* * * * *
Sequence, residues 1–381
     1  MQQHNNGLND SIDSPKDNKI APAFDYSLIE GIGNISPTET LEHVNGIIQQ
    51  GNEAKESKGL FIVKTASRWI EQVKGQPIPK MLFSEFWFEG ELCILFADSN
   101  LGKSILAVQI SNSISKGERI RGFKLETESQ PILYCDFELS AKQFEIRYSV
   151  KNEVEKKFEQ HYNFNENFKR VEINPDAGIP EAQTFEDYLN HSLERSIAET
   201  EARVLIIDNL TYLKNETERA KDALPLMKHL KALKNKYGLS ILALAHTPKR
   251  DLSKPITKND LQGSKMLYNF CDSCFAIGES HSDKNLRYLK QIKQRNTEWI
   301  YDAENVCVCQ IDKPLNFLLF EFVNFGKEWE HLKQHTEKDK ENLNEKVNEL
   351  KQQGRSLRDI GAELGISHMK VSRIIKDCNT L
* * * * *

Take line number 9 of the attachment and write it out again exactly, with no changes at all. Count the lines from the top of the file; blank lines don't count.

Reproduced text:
   351  KQQGRSLRDI GAELGISHMK VSRIIKDCNT L